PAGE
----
Another Shut down a Core post

Is this even a topic of discussion in the product for any version? This has been a huge topic of discussion and anger since version 5 came out and zero progress has been made

And now in V6, it seems to be getting WORSE. 

1) It seems like the changes to the repository in v6, cause the checks that runs after a dirty shutdown to take longer (just a guess)

2) The unsupported powershell script that was provided by DELL for v5 does not work for 6 and Support just told me there is no script for 6 and never will be.

3) Long running jobs. With the introduction of cloud archives, exports etc, we are seeing massive jobs that run (and block other jobs like backups but that is another issue) for days, meaning scheduling a restart becomes even harder.

I am not even asking for the Core to be able to cleanly shutdown during an OS shutdown (something that every other application in the world seems to manage) But how is this not a single button(s) on the GUI "Prepare for Shutdown" and "Core has been restarted" (to un-pause jobs)

Or at the very least, a single supported powershell script to perform this basic function?

We have dozens of Cores in various geographic locations and managing simple shutdowns is such a massive problem for us.

  • Hi scashman:
    The issue with shutting down a core graciously arouse from the jobs that are running at that time. Assuming that there are no stuck or in-cancellable jobs, a "template" to shut down the core graciously via Powershell would look as below:

    # disable core service
    set-service RapidRecoveryCore -StartupType Disable
    # suspend snapshots
    suspend-snapshot -all
    # if incoming replication is present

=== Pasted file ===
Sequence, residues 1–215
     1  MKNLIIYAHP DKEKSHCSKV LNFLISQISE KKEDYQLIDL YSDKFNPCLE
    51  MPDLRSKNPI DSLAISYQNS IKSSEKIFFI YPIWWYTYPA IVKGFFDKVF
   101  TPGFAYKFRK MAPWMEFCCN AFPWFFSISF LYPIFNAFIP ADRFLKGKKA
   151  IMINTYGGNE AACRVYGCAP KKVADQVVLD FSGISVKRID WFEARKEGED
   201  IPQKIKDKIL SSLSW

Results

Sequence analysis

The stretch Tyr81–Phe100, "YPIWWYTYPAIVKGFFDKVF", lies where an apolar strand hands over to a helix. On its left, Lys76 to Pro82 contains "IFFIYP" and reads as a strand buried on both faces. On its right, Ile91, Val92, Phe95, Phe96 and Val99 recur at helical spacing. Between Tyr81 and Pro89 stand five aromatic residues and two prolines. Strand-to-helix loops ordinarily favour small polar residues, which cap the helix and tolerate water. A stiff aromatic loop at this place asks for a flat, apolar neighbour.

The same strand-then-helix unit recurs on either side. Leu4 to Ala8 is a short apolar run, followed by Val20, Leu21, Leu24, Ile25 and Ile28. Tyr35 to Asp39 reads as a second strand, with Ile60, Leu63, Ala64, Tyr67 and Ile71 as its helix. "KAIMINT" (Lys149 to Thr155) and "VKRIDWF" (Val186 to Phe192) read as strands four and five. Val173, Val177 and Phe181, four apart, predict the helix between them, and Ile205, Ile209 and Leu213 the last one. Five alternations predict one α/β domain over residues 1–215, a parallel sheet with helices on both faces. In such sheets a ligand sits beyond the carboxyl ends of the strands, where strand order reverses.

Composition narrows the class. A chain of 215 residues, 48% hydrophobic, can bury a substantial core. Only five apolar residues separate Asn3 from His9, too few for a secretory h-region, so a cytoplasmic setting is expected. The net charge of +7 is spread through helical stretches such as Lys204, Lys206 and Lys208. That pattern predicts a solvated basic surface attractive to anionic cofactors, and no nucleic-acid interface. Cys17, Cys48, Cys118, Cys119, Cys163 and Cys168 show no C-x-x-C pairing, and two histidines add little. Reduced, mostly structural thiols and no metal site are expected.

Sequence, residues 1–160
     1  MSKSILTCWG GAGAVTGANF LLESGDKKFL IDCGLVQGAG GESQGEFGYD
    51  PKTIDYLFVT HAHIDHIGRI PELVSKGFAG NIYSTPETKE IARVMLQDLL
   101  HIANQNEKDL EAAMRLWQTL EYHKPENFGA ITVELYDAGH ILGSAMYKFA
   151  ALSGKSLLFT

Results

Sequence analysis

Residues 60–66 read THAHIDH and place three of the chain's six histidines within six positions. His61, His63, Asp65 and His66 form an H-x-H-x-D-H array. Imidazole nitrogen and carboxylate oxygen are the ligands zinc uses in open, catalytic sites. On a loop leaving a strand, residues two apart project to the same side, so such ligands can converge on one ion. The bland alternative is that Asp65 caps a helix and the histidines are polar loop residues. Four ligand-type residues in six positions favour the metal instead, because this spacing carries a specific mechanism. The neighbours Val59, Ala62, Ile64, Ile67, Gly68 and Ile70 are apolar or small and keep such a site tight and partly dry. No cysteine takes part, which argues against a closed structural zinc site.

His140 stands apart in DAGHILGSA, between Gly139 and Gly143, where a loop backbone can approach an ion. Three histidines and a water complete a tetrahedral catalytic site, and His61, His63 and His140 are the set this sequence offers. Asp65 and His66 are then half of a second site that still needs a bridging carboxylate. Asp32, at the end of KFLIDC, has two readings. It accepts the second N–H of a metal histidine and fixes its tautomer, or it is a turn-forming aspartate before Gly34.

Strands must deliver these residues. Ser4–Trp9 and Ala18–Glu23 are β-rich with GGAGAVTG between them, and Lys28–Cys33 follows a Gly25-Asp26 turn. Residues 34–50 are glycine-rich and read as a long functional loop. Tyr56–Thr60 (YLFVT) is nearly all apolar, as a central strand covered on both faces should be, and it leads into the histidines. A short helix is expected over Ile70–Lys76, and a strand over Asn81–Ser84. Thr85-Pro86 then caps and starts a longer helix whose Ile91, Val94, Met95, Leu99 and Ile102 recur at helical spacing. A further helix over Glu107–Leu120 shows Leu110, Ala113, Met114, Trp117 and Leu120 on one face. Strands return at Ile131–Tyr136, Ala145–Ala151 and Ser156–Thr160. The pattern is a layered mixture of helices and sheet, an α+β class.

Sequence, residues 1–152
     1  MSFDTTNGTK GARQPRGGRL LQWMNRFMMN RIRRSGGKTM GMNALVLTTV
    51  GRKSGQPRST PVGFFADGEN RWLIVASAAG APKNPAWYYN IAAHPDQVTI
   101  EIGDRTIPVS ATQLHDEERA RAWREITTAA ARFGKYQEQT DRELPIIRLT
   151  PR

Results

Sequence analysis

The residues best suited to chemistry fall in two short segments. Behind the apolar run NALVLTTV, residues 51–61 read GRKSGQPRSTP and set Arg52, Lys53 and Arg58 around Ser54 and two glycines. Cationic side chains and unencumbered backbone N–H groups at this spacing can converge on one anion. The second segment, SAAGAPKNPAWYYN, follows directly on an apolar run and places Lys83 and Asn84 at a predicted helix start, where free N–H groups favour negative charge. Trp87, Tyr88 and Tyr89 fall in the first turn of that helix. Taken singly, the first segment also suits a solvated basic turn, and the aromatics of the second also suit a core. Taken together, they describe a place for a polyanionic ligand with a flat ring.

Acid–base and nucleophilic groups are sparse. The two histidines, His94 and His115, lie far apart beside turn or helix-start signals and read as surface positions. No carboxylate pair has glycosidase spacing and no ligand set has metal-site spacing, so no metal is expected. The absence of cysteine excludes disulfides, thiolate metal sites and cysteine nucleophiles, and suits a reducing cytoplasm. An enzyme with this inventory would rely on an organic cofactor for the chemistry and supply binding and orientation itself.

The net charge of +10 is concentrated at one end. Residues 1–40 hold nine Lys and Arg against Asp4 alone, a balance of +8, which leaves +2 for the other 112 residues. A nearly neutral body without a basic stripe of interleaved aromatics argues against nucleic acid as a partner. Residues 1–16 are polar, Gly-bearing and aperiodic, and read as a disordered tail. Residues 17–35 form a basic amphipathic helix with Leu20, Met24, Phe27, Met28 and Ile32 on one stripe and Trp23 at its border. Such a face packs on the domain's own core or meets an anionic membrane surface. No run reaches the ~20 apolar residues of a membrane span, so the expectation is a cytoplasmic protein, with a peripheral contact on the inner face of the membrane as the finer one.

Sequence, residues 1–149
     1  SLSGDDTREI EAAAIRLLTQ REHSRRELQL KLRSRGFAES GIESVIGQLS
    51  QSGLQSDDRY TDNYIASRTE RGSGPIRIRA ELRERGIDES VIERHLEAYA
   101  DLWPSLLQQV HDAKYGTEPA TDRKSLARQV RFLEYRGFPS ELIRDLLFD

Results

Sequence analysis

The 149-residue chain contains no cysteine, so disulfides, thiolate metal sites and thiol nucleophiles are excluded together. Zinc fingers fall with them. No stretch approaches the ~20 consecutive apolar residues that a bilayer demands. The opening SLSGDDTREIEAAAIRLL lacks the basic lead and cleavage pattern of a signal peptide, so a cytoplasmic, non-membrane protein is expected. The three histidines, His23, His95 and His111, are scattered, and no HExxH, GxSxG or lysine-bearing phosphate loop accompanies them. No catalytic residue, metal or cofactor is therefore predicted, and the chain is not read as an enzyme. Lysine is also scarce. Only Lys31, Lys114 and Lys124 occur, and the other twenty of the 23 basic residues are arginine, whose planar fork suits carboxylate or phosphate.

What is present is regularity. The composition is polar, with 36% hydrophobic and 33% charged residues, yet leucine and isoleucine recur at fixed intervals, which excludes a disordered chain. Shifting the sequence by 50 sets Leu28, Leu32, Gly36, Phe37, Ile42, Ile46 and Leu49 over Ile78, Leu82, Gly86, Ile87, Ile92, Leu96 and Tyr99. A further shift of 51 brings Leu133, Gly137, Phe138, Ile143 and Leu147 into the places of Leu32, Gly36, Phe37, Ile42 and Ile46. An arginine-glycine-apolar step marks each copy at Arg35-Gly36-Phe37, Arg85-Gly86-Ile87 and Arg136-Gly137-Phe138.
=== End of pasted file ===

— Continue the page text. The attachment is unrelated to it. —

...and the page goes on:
suspend-replication -incoming all
    # cancel all active jobs (you need to wait at least 30 sec. after no active jobs are reported)
    for(;;){stop-activejobs -all}
    # stop core service
    stop-service RapidRecoveryCore
    # when the core service stopped, find out what other services are still running
    get-service Dell*,Rapid*
    # stop those services either separately or as a block
    stop-service Rapid*,Dell*

    When you restart the core, you need to use sc.exe to re-enable the core service as PowerShell does not have a command to enable a service in delayed-start mode.
    sc.exe config RapidRecoveryCore start= delayed-auto
    (note a space after the "=" sign)
    # start the core service
    start-service RapidRecoveryCore

    Only the core service needs to be started (assuming that RapidRecoveryMongod starts together with the core)
    # Wait for the repository check to finish and enable snapshots
    resume-snapshot -all
    # resume incoming replication if present
    resume-replication -incoming all

    Hope that this helps.
  • In reply to Tudor.Popescu:

    We all know what the powershell approach is. I mentioned the issues with powershell in my original post. So when you respond with powershell as the answer, it makes me worry that no one at Quest is listening to our feedback or understands what our issues are

    - This post is from 2014 ... and nothing has changed.

    en.community.dell.com/.../